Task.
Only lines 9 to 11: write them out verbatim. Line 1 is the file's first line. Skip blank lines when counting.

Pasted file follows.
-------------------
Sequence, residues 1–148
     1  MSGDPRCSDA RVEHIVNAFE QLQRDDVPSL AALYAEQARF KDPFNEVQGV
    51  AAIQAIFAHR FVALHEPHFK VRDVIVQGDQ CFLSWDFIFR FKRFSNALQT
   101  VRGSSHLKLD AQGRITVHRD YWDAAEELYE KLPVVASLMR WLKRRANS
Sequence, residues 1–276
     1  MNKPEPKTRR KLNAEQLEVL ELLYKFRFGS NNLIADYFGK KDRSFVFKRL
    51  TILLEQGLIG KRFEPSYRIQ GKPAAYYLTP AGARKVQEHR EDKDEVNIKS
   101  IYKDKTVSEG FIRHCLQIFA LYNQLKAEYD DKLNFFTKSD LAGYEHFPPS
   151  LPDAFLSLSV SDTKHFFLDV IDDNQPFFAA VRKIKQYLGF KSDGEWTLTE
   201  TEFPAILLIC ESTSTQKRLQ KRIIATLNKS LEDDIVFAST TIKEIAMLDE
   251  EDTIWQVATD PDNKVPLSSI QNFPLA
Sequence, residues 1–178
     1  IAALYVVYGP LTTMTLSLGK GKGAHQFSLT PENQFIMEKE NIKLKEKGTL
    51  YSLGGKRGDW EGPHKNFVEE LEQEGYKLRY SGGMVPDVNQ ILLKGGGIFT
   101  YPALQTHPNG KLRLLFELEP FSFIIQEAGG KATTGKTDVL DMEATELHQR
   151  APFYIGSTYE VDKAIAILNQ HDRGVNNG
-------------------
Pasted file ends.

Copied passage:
   151  LPDAFLSLSV SDTKHFFLDV IDDNQPFFAA VRKIKQYLGF KSDGEWTLTE
   201  TEFPAILLIC ESTSTQKRLQ KRIIATLNKS LEDDIVFAST TIKEIAMLDE
   251  EDTIWQVATD PDNKVPLSSI QNFPLA